top 0

Subscribe to our weekly newsletter to get our top stories delivered straight to your inbox.

Copyright © 2024 LOCALIIZ | All rights reserved

The Best Red Packet Designs for The Year of the Pig

By Sarah Moran 29 January 2019
Giving and receiving red packets (also known as 'lai see') is an age-old Chinese New Year tradition. With the holiday less than a week away, it's time for the married folks among us to start filling these packets with money to give away, while the rest of us wait gleefully to receive them. If you want to dole out the most special lai see to all your friends and family, these unique designs will definitely do the trick. From the elegant to the downright adorable, here are some of our favourite designs on offer this year.

[pro_ad_display_adzone id="73367"]

1. Windsor House

As we welcome the Year of the Pig, an animal that represents wealth in Chinese culture, Windsor House in Causeway Bay is offering two sets of American cartoon Elephant & Piggie lai see packets to anyone who spends over $500 in electronic payment at any of Windsor’s merchants (with a maximum of two machine-printed receipts). Limited stocks are available from now until February 4, and don't forget to check out the official website for more information on other festive activities. Windsor House, 311 Gloucester Rd, Causeway Bay, (+852) 2864 4270

2. Langham Place

Langham Place is giving the traditional Chinese New Year game, 'Fish, Shrimp, and Crab', a pink makeover. Offering the game in a box set with four lai see in different colours, and with metallic embossing that resemble a pig's snout, this is available on a first-come, first-served basis. Shoppers can redeem a set by spending $1,500 at the mall from now until February 4. Langham Place, 4/F, Langham Place, 8 Argyle Street, Mongkok, (+852) 3520 2888

3. Harbour City

Harbour City's wallet-shaped 'Prosperous HAPPIG' red packets come in five auspicious themes including cherry blossom, mandarin, and koi fish. The bold colours give a contemporary feel to the traditional patterns, while the embossed gold prints give the packets an embroidered texture. These unique red packets even have special openings that mimic the clasp of a coin purse. A limited edition set includes 10 big and 10 small packets, and you can redeem them by spending $1,500 or more with electronic payment as well as donating $50 to the Hong Kong Blood Cancer Foundation. Click here for more details. Harbour City, 3 – 27 Canton Road, Tsim Sha Tsui, (+852) 2118 8666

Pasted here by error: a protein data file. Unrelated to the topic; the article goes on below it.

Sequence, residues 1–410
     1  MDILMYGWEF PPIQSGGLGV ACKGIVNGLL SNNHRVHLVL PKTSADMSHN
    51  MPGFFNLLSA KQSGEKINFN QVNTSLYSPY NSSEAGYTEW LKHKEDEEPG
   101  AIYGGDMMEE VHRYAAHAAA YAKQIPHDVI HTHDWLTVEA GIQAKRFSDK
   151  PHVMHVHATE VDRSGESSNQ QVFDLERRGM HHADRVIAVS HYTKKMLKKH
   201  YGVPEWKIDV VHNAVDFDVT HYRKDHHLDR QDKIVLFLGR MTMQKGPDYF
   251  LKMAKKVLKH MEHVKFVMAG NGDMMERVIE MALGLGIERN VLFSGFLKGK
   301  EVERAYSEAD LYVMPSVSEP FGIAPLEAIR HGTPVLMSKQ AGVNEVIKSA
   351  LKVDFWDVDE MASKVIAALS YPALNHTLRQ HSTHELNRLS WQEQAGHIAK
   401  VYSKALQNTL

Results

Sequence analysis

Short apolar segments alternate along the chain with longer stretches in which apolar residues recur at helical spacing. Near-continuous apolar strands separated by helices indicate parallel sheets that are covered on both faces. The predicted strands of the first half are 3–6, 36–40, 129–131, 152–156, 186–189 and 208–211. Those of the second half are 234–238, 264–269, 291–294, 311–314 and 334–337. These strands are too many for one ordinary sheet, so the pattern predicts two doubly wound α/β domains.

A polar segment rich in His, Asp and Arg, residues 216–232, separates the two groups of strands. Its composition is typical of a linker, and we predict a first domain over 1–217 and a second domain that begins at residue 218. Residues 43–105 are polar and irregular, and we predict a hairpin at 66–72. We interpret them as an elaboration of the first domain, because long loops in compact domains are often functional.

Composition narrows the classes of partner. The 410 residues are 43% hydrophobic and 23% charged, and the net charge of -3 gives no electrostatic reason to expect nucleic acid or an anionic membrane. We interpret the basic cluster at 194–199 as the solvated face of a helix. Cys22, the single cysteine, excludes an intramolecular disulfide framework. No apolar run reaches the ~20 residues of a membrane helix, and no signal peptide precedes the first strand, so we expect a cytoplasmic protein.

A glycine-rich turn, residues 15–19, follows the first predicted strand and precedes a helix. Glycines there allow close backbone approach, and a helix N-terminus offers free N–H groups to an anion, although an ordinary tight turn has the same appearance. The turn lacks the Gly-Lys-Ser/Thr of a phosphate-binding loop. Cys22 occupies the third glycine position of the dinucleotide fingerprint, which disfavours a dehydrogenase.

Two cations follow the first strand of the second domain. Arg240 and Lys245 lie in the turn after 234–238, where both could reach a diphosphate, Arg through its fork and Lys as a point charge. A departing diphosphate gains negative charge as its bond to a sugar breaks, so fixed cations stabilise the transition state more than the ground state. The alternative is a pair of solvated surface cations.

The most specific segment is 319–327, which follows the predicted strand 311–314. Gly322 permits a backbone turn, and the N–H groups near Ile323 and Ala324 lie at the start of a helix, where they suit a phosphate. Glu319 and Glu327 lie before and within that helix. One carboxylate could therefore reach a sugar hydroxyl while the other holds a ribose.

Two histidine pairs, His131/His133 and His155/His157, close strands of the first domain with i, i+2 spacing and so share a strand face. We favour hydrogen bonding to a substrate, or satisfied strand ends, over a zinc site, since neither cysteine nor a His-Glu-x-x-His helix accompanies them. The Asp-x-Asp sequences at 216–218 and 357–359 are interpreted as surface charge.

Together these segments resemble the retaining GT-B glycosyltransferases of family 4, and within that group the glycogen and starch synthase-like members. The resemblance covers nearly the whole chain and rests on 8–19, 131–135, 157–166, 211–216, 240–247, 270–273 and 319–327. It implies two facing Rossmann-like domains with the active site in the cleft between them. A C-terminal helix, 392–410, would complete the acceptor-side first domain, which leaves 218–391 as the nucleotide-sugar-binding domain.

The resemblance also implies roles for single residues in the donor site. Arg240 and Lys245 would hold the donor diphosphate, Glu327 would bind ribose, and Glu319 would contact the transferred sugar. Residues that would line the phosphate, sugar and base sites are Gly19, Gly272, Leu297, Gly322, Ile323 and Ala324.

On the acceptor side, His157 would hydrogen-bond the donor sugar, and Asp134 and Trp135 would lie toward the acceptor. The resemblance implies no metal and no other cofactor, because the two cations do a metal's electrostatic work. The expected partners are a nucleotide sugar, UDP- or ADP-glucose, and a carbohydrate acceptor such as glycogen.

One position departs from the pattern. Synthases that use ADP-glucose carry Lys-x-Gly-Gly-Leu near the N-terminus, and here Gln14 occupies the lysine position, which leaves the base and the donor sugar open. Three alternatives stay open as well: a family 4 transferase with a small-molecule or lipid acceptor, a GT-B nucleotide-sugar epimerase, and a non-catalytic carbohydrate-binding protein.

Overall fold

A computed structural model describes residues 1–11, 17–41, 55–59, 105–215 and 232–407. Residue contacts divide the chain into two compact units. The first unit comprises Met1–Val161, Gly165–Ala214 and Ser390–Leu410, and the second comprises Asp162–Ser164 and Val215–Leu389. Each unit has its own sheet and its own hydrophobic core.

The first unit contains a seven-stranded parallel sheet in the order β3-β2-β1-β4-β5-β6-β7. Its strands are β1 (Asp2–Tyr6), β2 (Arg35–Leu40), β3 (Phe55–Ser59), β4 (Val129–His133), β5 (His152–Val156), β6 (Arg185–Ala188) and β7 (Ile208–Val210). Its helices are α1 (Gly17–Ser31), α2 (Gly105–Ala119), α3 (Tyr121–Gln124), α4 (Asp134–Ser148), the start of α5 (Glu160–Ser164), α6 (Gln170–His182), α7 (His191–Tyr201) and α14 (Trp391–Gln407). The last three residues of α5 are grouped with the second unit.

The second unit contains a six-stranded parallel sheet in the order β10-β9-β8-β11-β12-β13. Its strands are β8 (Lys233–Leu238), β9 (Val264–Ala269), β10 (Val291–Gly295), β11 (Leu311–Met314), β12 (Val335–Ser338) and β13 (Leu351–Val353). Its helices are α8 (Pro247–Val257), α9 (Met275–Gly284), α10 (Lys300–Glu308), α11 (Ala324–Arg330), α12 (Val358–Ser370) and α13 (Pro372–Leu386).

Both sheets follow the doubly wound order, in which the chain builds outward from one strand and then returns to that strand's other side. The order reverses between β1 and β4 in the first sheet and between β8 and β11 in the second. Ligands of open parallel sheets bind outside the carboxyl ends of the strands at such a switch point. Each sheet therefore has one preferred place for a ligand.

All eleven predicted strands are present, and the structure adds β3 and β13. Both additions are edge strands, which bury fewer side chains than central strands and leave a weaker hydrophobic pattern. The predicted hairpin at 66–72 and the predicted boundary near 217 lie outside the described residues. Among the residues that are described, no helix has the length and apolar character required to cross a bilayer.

4. Fashion Walk

In celebration of Sesame Street's 50th anniversary, Fashion Walk is collaborating with the timeless children's show to offer us Sesame Street themed red packets. If you want to become the favourite parent, aunt, or uncle, you can head over to Fashion Walk and spend $1,000 to $3,999 in the shopping mall to redeem these limited edition packets which feature Elmo, the Cookie Monster, and other characters from the beloved show. Fashion Walk, Great George Street, Causeway Bay, (+852) 2833 0935

5. Olympian City

Sporting traditional red envelopes embossed with gold Chinese New Year greetings, Olympian City's lai see are the most traditional looking ones out of the bunch. They come in a DIY box set which includes eight red envelopes, four Fai Chuns (traditional greeting banners), and four Peppa Pig stickers that you can stick onto the packets for kids. You can redeem a Peppa Pig DIY Red Packet box set by spending $800 or above on the same day with electronic payment at one or two different Olympian City merchants. Olympian City, 18 Hoi Ting Road, West Kowloon, (+852) 2740 4108
Read More! Check out our Fun Guide to Lai See Giving, or explore the rest of our Shopping section.

[button color="blue" size="medium" link="" icon="" target="true"]Subscribe to receive our weekly newsletter[/button]

articleTopAndCategoryPage870110 0

Sarah Moran

Staff writer

Born and raised in Hong Kong to expat parents, Sarah grew up as your typical third-culture kid, caught between two worlds. As someone who is nosy (or just curious) and loves the written word, there was never any other career that appealed to her as much as journalism. When she’s not busy on her mission to find the line between not enough coffee and too much coffee, you can find her exploring the city or getting stuck in a good book.